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After two years of dedicated work by students and faculty advisors, King was welcomed
into the Alpha Phi Omega family. Within the national organization, participating
colleges receive a chapter name to distinguish themselves. King’s new chapter will
be called Alpha Eta Epsilon.
“King students are community driven,” said Emily Loudon, director of campus life at
King. “The Alpha Phi Omega principles of leadership, friendship, and service, in
addition to the longer list of principles, line up well with who King is. Students
transitioning from high school to college need something in which to be involved in.
Many high school students have invested time in church groups, mission trips, and
community service organizations. We are happy to be able to give them the opportunity
to increase their involvement in community service.”
Alpha Phi Omega, founded at Lafayette College in Easton Penn., in 1925, is a national
coeducational service fraternity founded on the cardinal principles of leadership,
friendship and service. It provides its members the opportunity to develop leadership
skills as they provide service to their campus, to youth and the community, to the
nation, and to members of the Fraternity.
Alpha Phi Omega National Service Fraternity has more than 17,000 male and female student
members at 366 college campuses nationwide. More than 350,000 members have joined
Alpha Phi Omega since its founding.
The chartering ceremony held in April in King’s Fine Arts Theatre included APO chapters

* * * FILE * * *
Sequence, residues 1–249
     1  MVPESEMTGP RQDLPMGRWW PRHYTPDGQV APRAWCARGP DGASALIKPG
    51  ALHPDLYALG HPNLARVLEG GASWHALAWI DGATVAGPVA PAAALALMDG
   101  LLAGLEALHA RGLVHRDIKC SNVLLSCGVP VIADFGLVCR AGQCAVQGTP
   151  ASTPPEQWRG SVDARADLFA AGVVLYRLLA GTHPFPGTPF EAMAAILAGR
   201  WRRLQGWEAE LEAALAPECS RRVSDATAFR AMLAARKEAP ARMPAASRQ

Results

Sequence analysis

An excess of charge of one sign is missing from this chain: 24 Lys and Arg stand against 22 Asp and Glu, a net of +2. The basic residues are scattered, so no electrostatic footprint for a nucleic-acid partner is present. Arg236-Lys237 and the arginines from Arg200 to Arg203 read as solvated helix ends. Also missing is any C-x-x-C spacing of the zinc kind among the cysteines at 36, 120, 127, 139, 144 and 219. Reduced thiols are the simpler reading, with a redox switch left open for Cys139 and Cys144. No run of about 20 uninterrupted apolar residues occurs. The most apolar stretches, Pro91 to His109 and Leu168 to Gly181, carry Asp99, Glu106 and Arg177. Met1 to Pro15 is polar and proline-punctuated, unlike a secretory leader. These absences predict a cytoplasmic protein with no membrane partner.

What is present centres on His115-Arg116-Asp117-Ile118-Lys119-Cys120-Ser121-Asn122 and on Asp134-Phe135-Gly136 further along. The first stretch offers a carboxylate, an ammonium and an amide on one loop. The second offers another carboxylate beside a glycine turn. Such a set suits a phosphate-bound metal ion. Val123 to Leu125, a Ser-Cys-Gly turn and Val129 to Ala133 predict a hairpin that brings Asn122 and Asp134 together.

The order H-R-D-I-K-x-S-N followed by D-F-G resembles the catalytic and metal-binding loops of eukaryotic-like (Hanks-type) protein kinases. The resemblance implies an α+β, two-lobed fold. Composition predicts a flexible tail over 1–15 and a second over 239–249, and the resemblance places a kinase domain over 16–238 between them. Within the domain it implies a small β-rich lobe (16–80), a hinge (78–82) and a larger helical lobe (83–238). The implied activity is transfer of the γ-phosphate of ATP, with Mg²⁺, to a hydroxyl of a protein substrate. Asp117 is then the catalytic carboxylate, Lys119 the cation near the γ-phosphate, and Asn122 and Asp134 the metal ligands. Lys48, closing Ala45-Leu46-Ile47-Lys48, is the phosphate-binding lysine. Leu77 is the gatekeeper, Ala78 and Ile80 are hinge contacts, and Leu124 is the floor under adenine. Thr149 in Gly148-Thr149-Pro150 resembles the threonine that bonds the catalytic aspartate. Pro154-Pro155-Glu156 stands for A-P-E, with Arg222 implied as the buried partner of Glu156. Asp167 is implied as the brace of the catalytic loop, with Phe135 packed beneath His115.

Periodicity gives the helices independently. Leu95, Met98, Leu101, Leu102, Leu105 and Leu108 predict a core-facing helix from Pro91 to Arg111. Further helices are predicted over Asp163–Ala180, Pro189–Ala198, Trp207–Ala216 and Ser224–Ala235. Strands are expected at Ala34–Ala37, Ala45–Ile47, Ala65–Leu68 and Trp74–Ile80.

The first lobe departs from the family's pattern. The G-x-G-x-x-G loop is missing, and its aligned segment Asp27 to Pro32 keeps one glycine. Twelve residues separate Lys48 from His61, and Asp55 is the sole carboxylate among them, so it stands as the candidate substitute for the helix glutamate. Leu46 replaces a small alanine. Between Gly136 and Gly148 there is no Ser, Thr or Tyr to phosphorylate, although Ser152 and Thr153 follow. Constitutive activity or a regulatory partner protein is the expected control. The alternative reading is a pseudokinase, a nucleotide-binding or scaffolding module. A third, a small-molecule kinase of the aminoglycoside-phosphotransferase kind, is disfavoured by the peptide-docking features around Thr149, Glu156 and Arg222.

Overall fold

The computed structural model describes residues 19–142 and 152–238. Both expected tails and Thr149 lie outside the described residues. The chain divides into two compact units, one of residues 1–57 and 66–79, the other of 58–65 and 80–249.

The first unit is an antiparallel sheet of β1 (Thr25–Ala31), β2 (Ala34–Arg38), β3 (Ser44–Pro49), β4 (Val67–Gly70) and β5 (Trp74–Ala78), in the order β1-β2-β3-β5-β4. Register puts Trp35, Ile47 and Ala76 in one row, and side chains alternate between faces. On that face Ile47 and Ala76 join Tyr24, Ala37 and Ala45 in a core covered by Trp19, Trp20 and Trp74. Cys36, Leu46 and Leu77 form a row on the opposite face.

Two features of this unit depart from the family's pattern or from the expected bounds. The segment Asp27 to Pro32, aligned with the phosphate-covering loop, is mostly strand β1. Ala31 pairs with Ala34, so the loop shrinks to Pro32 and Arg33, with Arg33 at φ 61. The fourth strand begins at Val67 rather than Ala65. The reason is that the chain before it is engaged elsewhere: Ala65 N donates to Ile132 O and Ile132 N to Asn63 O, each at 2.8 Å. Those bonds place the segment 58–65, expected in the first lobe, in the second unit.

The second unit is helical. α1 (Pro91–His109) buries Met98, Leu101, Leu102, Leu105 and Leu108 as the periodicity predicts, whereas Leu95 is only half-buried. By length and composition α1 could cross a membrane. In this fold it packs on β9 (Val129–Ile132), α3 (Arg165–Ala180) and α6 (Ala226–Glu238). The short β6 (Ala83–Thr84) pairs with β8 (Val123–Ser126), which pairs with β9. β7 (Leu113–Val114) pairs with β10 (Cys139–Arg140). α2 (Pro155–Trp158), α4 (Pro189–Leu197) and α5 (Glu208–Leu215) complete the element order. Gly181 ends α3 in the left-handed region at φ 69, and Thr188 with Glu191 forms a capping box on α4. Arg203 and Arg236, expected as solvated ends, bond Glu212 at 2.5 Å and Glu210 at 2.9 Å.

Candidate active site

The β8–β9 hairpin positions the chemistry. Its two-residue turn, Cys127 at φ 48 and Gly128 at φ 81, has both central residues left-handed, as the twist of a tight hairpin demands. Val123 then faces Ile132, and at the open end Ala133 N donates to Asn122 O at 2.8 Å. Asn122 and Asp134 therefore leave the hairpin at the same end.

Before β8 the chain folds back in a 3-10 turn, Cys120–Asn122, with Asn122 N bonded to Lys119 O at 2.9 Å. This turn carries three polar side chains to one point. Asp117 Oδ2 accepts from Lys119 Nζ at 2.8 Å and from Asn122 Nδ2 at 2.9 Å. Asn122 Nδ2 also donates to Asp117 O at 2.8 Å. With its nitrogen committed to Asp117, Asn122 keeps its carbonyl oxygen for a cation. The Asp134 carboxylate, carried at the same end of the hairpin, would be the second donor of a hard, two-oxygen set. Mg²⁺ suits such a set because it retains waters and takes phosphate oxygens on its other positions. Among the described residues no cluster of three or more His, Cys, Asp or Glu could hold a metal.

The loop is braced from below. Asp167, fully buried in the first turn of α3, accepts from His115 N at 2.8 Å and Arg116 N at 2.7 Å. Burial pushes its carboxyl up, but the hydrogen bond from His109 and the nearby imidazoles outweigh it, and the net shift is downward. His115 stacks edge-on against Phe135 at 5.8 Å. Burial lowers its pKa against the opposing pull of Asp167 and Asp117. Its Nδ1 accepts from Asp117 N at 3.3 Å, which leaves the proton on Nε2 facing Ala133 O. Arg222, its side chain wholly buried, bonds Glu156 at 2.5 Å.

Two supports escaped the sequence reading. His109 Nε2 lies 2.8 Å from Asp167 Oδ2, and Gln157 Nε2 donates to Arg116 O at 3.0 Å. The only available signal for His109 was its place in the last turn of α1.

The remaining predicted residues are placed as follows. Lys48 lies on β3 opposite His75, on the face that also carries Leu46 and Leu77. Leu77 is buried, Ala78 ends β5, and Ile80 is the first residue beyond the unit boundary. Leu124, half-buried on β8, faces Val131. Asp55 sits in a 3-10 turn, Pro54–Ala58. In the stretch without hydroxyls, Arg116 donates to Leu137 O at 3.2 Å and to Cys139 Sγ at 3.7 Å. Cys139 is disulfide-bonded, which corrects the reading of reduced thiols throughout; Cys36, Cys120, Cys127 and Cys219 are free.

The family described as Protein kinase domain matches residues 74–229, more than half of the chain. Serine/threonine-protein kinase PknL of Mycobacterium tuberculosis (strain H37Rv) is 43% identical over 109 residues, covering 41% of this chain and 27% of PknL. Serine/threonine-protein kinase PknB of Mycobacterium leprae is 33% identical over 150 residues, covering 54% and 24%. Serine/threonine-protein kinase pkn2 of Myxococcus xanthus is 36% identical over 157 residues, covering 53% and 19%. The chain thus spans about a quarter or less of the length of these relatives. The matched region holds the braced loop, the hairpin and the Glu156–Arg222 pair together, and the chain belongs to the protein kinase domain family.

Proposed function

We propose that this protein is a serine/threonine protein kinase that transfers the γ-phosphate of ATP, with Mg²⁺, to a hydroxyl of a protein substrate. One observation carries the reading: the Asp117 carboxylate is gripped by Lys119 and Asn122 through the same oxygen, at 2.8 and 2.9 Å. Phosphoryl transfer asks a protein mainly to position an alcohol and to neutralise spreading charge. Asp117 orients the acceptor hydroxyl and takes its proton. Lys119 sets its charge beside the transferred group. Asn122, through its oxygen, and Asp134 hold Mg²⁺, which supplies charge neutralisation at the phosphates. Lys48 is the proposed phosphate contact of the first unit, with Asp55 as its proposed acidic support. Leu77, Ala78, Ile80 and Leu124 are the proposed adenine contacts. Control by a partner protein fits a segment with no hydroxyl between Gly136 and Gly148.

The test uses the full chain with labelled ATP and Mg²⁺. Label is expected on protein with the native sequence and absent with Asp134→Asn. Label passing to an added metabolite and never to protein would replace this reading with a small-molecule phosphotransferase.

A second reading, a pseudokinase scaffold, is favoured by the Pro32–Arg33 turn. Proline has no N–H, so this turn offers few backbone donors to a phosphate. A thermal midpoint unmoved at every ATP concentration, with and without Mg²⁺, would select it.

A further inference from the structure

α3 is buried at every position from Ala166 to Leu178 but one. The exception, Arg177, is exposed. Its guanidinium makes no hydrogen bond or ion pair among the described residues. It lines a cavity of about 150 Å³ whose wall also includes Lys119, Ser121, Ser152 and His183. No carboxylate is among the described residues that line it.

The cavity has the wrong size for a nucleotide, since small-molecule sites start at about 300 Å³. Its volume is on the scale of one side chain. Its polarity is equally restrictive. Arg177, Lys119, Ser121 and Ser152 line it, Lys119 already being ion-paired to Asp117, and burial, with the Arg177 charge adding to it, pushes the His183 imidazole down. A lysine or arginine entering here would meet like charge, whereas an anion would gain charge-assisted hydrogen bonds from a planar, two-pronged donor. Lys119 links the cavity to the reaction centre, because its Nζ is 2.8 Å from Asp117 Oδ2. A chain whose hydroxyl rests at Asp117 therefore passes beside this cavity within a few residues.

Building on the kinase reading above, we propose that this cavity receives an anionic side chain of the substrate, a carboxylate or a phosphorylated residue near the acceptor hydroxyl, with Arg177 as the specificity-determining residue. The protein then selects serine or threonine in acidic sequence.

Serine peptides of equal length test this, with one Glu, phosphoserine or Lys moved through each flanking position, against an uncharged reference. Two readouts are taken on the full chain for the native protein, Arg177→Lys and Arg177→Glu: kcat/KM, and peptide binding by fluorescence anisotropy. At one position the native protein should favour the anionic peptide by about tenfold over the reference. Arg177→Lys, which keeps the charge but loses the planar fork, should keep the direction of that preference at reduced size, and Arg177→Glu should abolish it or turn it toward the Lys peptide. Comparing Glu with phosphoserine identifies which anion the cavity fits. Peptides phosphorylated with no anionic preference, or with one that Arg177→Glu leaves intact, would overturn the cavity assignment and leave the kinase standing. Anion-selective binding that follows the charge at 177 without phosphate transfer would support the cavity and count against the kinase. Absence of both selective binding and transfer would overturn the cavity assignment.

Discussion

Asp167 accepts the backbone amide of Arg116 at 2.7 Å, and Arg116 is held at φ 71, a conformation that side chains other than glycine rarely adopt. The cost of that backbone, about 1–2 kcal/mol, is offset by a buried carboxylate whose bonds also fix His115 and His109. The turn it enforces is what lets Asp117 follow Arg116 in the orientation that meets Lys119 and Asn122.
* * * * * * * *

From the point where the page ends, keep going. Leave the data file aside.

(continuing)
from The University of Tennessee Knoxville, East Tennessee State University, University
of Kentucky, and the University of Mount Union who were in attendance to welcome King
to the brotherhood.
The chartering process began in fall 2010. The process to become a charter member
of APO is broken down into three stages: interest group, petitioning group, and charter.
“We are currently working to build membership,” said Sara Hill, electronic resources
librarian and the primary advisor for APO at King. “We currently have 15 student
members who have completed over 20 service projects. These students, rising sophomores
and juniors, have played significant roles in the development of our new APO chapter.
Four members spent part of their summer attending a leadership academy in Orlando,
Fla., learning about building chapters, pledge membership classes, recruitment, and
For King’s chapter, each member will be required to perform a minimum of 20 hours
of service per semester. Some of the community service projects members have participated
in include mentoring local children at Girls Inc., helping out at the Clothes Closet,
Ronald McDonald House, as well as recycling for the library.
“Service projects have been on a fairly small scale so far, but as membership grows,
the magnitude of the service projects will grow,” said Hills. “We are excited about
possibilities this organization will bring to King’s students as they endeavor to
further King’s mission to build meaningful lives for achievement and cultural transformation
For information on Alpha Phi Omega or King’s chapter, Alpha Eta Epsilon, contact Sara
Hill at firstname.lastname@example.org.